I had not actually seen Andrew since we caught up for a beer at the Rooftop Bar at the Corner Hotel prior to his Tigers towelling up my Swans earlier in the footy season. He did text me after the Swans Grand Final win and warned that we would have to watch out for the Tigers next year.

Alas I had no idea what Andrew was going through and last week he left us.

I’m devastated for those who were closer to him then I was and am sad that I won’t get to hang out with Andrew at one of the many great gigs early next year … Springsteen, Neil Young or Elvis Costello.

Mate, I won’t forget your unbridled enthusiasm for great music or the way you talked, moved, smiled. Your face is with me.  Various gigs we saw together at Byron pop into my mind, and I am sure as the weeks, months and years go on I’ll still be recalling others, hopefully with joy not sadness.

Thanks for your friendship Hydey.  I’ll have a beer for you at the cricket this week and toast you in New Orleans at JazzFest 2013.  And I just might have a soft spot for the Tigers next year.

Rest in peace, Andrew Hyde.

Love to Maddy.

About Keiran Croker

Keiran is a lifelong Swans supporter, despite a brief dalliance with the Cats and Tigers in primary school years. Family connections to Port Melbourne and South Melbourne demanded loyalty to the Swans. The long wait for success was worth it.

Comments

  1. Well said Keiran. We’re all just passing through. Often we don’t understand the imprint we leave on other’s hearts.

  2. Colin Ritchie says:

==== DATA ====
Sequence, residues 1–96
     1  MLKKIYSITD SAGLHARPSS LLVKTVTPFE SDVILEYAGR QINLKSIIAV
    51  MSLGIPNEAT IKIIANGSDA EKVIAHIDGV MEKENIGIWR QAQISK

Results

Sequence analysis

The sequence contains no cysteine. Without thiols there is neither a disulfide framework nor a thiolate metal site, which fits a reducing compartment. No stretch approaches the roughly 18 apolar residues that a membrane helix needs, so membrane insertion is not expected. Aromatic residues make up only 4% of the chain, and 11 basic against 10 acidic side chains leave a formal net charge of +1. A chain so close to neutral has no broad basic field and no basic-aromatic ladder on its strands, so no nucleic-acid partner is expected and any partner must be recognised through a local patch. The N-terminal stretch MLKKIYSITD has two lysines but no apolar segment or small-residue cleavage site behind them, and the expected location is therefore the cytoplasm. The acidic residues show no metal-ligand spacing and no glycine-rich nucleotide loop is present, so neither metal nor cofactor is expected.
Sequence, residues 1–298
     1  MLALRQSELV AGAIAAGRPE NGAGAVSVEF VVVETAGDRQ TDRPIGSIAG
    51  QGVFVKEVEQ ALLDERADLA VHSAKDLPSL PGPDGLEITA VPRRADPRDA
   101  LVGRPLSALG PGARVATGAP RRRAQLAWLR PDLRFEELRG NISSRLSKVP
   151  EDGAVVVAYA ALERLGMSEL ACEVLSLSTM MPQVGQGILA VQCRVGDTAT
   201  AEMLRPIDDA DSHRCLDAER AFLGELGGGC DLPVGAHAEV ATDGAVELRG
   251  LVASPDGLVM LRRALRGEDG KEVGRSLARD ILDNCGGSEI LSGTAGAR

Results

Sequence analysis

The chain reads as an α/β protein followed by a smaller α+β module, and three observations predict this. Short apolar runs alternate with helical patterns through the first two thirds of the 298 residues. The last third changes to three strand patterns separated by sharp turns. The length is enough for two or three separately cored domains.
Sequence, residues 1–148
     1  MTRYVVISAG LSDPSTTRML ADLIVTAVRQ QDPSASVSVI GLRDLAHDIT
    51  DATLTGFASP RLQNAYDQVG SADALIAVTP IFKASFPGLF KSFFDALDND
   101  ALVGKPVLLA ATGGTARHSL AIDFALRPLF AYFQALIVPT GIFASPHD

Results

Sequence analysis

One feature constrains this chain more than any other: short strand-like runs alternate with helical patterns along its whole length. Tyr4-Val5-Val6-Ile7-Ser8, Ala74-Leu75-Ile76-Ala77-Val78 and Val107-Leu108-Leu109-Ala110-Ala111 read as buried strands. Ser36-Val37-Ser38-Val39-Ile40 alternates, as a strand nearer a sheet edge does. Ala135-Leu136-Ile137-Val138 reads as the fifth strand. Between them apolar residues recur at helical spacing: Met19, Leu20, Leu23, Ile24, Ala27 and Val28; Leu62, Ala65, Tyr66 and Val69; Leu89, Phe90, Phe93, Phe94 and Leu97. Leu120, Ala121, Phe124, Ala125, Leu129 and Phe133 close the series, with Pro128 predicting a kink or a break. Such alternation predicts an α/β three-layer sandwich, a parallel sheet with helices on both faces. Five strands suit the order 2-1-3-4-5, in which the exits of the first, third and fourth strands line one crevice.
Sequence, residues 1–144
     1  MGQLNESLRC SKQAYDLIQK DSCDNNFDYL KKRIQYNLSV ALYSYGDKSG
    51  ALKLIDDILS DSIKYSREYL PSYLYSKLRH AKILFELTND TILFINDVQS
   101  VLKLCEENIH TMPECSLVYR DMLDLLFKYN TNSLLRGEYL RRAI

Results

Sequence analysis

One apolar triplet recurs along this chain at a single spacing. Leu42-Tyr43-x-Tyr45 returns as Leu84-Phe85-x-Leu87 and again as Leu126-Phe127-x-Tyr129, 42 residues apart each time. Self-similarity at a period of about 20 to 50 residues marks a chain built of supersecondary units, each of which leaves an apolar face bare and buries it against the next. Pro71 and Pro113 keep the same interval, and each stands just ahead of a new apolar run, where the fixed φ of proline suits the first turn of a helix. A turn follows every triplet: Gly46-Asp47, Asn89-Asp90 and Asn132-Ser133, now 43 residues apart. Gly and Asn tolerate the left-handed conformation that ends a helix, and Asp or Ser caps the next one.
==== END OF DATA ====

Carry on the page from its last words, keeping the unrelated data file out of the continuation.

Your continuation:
I was shocked when I heard of Andrew’s death. Although I had not seen him for many years I have fond memories of him. I first met this articulate, intelligent and gentle man when he was teaching at Lavers Hill. I played cricket against him in the early 80’s I think and when I opened a bookshop in Colac he became a regular visitor and we established a friendship. We recognised that we had similar tastes in music and literature and would chat for ages about these interests. I would often see him around the traps and enjoyed his company as he enjoyed the company of those around him. “The answer is blowin’ in the wind”.

  3. One of my goals in life was to thank Andrew (Mr Hyde – Lavers Hill) for the English lessons he taught to us in year 7/8 regarding music, and the interpretation of lyrics… each of us would bring the lyrics of our favoutire song (hard to do without google) and we would discuss them, regardless of some of the shocking tastes people brought in… apart from one other person, Andrew showed me a 3 dimensional view of music which was a spark in my lifelong passion of music, and any music created by my various projects, BlackSax, contains some of his influence

    i hadnt realised his love for music until reading this obituary, and working at the byron airport i was devastated to see that an Andrew Hyde had rented a car from us on the way to the bluesfest, but on my day off…

    lots of memories with cricket where he would always love to sneak a bowl in witht he kids during luch duties… and Andrew also became our U/17s cricket coach because out team use to gather after school with no adult supervision… i still think i was robbed on an lbw decision when he was umpiring a game (it was hitting the stumps no problems!) but we’ll debate that one another time!

  4. Matt Zurbo says:

    Hydey was a champion bloke who served the Otways damn proud, in cricket, coaching and playing ressies for Otway Districts and a top teacher at Lavers Hill that the kids all spoke well of. Nothing but good memories of him. Will be very much missed. Too bad about your demons, mate. You left my home and the world a far better place!

  5. Sarah Betts says:

    Beautiful words Keiran, and all so true, we will all miss Andrew very much.

  6. Paul Sherry says: